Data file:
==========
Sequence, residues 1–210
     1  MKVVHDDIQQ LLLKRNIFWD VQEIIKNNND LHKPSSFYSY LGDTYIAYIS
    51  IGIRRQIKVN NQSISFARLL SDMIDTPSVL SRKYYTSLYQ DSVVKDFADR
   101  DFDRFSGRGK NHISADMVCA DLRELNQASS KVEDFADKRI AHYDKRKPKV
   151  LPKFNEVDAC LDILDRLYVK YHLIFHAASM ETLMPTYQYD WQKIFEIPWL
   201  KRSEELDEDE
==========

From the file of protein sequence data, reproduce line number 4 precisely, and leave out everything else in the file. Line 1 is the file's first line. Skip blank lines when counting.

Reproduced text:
   101  DFDRFSGRGK NHISADMVCA DLRELNQASS KVEDFADKRI AHYDKRKPKV